Graeme Blundell & Alvin Purple

A huge influence in Australian cinema during the 1970's, Graeme Blundell was a driving force in many of Tim Burstall's films, and continued to be a figure in Burstall's career and life, both men being associated with 1970's Australian film.

Blundell is an iconic Australian actor due to his character in Burstall's film Alvin Purple playing the sex-crazed Alvin. Alvin Purple is considered to be successful due to it's commercial value, being a film generally about sex and human's desire for sex, Alvin Purple was also extremely risque for the time, and reflected the lives, thoughts and the changing culture during the 1970's. Alvin Purple connected with audiences also because Blundell's realistic performance as a real teenager with real issues and real thoughts and feelings about his sexual desires; something many teenagers of the day, even still today can connect with.

In Blundell's biography 'The Naked Truth: A life in parts'  he writes that the world after the 1960's explored a huge market for sex, and Alvin fit into that market. The exciting idea about Alvin was that sex was treated in a way that audiences accepted it as a script "...that scored it's points with a wink rather than a sneer, and a smile rather than a leer".

Alvin Purple managed to get audiences to accept the film as a charming comedy about sex, and a man's ideas and hesitance about it, while it was "raunchy" for it's time, the film projected societies anxieties about sex rather than blatantly placing it on film for 'shock value'. Blundell and Alvin are forever remembered together, and were used as a tool in the 1970's to bring to light the new fascinating culture surrounding Australian cinema and the new ideas people were accepting as every day life from the stubborn and clean earlier years.

"Stork" Interview 2004 (Part 1)

Hexagon Productions

Hexagon productions was born out of the company associated with the members of the underground Australian film culture and Village Roadshow members, and produced titles such as:

The Last of the Knucklemen
High Rolling
Eliza Fraser
End Play
The Love Epidemic
Australia After Dark
Alvin Purple & Alvin Rides Again

Notably, many of the productions were Tim Burstall's doing, forming the production company with Roadshow (John J. Benson, 1983) and creating most of his 1970's films under that name. Hexagon is credited along with Burstall's name as being a pioneer company of the Australian new wave cinema; ACMI claims in it's history that Hexagon, along with other young filmmakers was responsible for the emerging films making their way through young people's culture and as a result, Australian universities. (Australian Center for the Moving Image, 2012)

AFI chairman Alan Finney
Hexagon Productions was the first company to embark on a 'joint venture' with production and distribution entities. (AFI, 2012) It appeared that Hexagon's aim in the Australian film industry was to create commercially successful films both in Australia and overseas.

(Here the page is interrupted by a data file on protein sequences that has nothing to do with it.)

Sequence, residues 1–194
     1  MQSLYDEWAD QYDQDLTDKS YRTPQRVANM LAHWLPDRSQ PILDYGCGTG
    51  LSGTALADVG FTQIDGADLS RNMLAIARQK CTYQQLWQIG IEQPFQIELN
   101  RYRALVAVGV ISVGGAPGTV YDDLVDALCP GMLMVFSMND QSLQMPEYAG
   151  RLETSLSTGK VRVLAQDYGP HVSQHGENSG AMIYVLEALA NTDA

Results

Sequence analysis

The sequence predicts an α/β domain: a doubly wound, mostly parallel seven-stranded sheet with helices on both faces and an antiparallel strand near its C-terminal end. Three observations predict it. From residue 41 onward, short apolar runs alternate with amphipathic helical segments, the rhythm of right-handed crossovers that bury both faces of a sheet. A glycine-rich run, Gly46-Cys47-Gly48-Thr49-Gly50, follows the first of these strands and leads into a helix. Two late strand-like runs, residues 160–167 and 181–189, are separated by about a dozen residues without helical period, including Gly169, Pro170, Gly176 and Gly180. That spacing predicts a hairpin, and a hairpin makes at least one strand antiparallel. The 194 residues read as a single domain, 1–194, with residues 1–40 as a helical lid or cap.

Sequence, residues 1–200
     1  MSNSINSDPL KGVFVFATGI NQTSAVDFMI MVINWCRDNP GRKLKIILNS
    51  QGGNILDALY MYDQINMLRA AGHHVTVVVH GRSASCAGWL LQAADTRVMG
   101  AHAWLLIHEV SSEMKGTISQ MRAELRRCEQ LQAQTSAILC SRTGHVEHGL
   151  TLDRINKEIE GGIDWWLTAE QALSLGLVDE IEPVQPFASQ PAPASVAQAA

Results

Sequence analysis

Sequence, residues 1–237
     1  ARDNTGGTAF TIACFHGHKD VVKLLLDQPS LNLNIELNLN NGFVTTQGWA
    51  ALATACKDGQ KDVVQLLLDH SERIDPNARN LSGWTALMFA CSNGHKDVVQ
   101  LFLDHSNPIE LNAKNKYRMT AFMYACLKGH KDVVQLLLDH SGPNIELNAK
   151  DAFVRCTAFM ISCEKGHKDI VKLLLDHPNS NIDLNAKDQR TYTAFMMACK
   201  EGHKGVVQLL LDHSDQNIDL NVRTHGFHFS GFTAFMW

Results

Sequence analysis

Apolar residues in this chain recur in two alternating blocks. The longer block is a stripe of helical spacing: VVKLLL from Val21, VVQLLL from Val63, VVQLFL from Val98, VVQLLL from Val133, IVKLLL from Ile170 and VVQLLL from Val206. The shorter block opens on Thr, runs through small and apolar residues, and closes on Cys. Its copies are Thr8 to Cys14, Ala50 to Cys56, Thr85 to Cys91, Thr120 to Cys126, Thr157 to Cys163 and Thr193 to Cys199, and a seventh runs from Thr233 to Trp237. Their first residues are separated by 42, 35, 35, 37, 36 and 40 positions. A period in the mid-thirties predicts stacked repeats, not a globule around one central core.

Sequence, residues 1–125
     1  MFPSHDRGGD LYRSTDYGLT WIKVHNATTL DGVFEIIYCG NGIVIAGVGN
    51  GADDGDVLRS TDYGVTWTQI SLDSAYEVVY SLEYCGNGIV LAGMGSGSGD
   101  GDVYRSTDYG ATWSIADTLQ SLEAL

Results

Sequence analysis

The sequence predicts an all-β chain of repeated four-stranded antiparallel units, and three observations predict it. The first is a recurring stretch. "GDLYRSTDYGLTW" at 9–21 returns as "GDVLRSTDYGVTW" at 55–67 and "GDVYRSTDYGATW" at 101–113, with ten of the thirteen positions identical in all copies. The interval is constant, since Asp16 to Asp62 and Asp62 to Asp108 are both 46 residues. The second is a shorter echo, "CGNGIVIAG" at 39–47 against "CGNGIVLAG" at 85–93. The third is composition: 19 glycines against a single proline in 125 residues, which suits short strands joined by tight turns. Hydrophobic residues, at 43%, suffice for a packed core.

Alan Finney; current member of the AFI board of directors, was a keen member of Hexagon Productions, using his position at Village Roadshow to create the production company alongside Burstall after distributing 'Stork'.


John J. Benson and Australian Film Institute, 1983, An Annotated and Critical Bibliography on Australian Filmmaker Tim Burstall, Research & Information Centre, viewed 18/05/2012, <>. 

Australian Center for the Moving Image, 2012, Our History, Australian Center for the Moving Image, viewed 12/05/2012, <>.

The Australian Film Institute, 2012, AFI Board of Directors, Board and Staff, viewed 12/05/2012, <>.

La Mama Writers' Theatre

Owned by Tim Burstall's wife, Betty Burstall - La Mama was a haven for artists to express themselves separate from the norms of Australian theatre. Taken from the La Mama website:

La Mama was established by Betty Burstall in 1967 as a playwright’s theatre,  
“a place where new ideas, new ways of expression can be tried out; a place where you can hear what people are thinking and feeling”

The venue's name and idea was taken from the kind of theaters that Betty experienced when visiting America. La Mama was also an inspiration and a place for Tim Burstall to find actors and writers for his films. The script for Stork was taken from the play that was performed at La Mama 'The Coming of Stork' written by David Williamson whom is an Australian icon today. The idea that Tim Burstall could come to any one of La Mama's plays and give a writer or an actor an opportunity to be involved in a feature film, was a revolutionary one for Australia's underground artists.
Bonza database information on the people who have worked at La Mama

La Mama was such an influence on the early 1960's and mid 1970's artists because it is credited with assisting the Australian new wave cinema. And particularly how Burstall used the stories coming out of La Mama to his advantage in creating modern films that audiences relate to and enjoy - these films are credited with his success as a filmmaker during this time. 

Who is Tim Burstall?

Tim Burstall (20 April 1927 - 19 April 2004) was born in England, however is best known as one of Australia's most successful filmmakers during the 1970's when Australia was struggling to have a film industry, with his 'ocker-comedy' films such as Alvin Purple (1973), Stork (1971), and Eliza Fraser (1976). He is also famous for his 1980's films such as Attack Force Z with the production of Lee Robinson , Kangaroo,  and Great Expectations: The Untold Story, however this blog will focus only on Burstall's fame during the 1970's.

Here are the trailers for Alvin Purple and Stork:

Next Post: Hexagon Productions


Hello Readers,

This blog is dedicated to Australian filmmaker Tim Burstall. The posts will focus on Burstall's years in the 1970's, and how he influenced the Australian film industry during that time through my research.

Next Post: Introduction to Tim Burstall.